Planetary gear system.
Long description of figure 1.
Planetary gear systems are an efficient means of achieving high reduction ratios with minimum space and weight. They are used in helicopter, aerospace, automobile, and many industrial applications. High-speed planetary gear systems will have significant dynamic loading and high heat generation. Hence, they need jet lubrication and associated cooling systems. For units operating in critical applications that necessitate high reliability and long life, that have very large torque loading, and that have downtime costs that are significantly greater than the initial cost, hydrodynamic journal bearings are a must.
Computational and analytical tools are needed for sufficiently accurate modeling to facilitate optimal design of these systems. Sufficient physics is needed in the model to facilitate parametric studies of design conditions that enable optimal designs.
The first transient journal bearing code to implement the Jacobsson-Floberg-Olsson boundary conditions, using a mass-conserving algorithm devised by Professor Emeritus Harold Elrod of Columbia University, was written by David E. Brewe of the U.S. Army at the NASA Lewis Research Center1 in 1983. Since then, new features and improved modifications have been built into the code by several contributors supported through Army and NASA funding via cooperative agreements with the University of Toledo (Professor Ted Keith, Jr., and Dr. Desikakary Vijayaraghavan) and National Research Council Programs (Dr. Vijayaraghavan). All this was conducted with the close consultation of Professor Elrod and the project management of David Brewe.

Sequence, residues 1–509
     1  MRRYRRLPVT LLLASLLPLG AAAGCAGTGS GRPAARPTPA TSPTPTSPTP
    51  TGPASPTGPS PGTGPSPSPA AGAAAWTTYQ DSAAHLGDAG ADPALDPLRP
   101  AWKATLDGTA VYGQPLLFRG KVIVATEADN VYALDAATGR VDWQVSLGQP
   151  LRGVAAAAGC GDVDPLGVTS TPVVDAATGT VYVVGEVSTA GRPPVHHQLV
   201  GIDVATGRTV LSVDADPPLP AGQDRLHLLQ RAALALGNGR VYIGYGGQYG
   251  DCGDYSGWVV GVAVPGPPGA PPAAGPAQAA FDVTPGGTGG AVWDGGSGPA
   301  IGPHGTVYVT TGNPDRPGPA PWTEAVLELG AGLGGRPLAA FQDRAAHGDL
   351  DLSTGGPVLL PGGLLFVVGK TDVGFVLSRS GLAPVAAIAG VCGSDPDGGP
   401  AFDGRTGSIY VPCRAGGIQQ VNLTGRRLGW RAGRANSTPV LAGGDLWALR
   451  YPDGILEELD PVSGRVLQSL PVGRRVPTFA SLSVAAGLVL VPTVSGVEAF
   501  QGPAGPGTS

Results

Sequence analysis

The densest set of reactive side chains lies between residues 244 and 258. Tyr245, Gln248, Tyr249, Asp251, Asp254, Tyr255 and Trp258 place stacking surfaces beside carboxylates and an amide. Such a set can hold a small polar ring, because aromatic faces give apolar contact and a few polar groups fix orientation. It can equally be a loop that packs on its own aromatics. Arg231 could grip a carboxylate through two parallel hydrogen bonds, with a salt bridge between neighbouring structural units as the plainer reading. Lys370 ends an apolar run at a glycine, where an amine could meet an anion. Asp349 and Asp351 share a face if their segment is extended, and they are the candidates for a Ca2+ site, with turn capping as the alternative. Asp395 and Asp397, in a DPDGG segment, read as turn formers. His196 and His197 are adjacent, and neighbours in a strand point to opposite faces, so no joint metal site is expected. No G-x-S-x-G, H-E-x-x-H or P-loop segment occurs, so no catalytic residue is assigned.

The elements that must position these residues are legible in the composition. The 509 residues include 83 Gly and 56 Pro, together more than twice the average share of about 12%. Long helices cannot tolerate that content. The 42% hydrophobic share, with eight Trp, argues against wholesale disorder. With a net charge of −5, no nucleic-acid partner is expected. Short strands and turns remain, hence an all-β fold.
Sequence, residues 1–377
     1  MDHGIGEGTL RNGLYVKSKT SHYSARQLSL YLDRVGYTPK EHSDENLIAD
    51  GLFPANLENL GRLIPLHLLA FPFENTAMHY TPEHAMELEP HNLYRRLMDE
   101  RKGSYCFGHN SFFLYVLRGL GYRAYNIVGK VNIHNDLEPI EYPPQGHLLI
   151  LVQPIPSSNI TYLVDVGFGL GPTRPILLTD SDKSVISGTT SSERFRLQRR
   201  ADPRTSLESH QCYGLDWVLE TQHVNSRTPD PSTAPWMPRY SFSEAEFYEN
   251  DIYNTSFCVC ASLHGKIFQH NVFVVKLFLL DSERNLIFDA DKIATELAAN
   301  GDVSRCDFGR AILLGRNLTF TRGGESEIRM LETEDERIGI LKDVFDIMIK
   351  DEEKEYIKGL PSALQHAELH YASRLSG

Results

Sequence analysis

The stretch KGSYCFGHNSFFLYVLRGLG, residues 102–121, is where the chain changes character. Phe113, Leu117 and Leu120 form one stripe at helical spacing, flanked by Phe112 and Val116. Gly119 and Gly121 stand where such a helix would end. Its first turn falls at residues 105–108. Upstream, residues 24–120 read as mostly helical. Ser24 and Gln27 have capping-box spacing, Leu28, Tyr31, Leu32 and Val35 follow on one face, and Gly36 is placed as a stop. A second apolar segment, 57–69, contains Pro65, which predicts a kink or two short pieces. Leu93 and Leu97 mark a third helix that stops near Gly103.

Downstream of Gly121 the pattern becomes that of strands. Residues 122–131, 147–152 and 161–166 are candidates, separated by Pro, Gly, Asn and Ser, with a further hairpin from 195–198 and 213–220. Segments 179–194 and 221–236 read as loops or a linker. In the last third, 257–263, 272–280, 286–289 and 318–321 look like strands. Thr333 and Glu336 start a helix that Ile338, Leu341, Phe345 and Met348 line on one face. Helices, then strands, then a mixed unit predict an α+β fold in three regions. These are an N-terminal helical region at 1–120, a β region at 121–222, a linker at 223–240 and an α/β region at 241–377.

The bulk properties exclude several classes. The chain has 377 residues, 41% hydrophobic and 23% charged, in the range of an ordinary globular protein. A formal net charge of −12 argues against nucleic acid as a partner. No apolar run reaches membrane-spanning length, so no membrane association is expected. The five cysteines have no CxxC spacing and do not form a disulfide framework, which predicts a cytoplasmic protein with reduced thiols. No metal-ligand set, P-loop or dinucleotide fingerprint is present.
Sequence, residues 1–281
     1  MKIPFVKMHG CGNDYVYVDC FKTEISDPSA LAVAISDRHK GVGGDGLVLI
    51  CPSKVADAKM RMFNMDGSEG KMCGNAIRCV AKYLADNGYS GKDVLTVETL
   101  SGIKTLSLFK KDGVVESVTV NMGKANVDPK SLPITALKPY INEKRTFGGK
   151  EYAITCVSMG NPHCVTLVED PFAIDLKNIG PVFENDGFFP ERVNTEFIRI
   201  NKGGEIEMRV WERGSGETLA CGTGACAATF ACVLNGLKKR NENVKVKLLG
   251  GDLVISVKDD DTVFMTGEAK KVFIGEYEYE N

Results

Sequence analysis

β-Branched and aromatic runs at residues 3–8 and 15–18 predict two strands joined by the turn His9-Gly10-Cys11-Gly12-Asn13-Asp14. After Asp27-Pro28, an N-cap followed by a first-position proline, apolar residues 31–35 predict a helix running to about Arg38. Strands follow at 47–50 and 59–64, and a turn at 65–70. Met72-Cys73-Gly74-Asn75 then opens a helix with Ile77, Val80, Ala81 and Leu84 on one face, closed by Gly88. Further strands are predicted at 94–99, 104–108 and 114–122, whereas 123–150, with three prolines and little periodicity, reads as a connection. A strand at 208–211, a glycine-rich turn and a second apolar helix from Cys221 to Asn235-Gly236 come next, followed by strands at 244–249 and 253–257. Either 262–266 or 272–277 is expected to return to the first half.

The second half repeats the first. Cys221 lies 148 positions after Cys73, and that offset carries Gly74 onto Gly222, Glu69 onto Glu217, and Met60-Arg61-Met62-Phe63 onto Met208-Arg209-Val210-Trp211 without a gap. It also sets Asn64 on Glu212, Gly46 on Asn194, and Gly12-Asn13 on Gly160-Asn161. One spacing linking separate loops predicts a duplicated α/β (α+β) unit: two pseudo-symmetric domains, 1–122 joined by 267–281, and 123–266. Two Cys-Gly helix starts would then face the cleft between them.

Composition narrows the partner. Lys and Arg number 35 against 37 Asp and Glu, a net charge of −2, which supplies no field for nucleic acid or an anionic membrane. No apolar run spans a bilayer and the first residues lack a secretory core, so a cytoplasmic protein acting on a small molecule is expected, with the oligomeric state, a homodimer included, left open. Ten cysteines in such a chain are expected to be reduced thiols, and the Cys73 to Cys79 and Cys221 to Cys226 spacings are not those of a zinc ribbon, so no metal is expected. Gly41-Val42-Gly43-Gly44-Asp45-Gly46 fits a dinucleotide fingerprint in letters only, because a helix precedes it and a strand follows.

This version uses collocation across the film thickness at Lobatto points and Legendre polynomials to perform a thermohydrodynamic analysis of fluid-film journal bearings. The procedure is based on the development and program of Professor Elrod, and the code was developed by Dr. Vijayaraghavan at NASA Lewis with U.S. Army Research Laboratory, Vehicle Technology Directorate funding.
The latest features now include viscosity variation through the film due to shear heating and pressure viscosity effects. The program also can handle (1) aligned and misaligned bearings, (2) heat conduction through the bearing (stationary surface) and net heat flux through the journal (rotating surface) while considering free convection to the bearing outside and end surfaces, (3) a wide variety of groove designs for several grooves, (4) groove mixing temperature of hot oil carryover with supply, (5) transient or steady-state analysis, (6) rotating or dynamic loading, and (7) the rotation of either surface (i.e., journal or bearing).
In addition, a modern graphical user interface was added to facilitate simple, intuitive case studies for nonexperienced users. The package is presented as the Bearing Analysis Suite.
Special features of the user interface include the
User interface of Bearing Analysis Suite Version 1.0.
Long description of figure 2.
Find out more about this research:
Glennís Tribology & Surface Science Branch
Bearing Analysis Suite
Glenn contact: Dr. Phillip B. Abel, 216-433-6063, Phillip.B.Abel@nasa.gov
Authors: David E. Brewe (retired) and David A. Clark
Programs/Projects: U.S. Army Research Laboratory, Vehicle Technology Directorate
Last updated: July 21, 2005 1:58 PM
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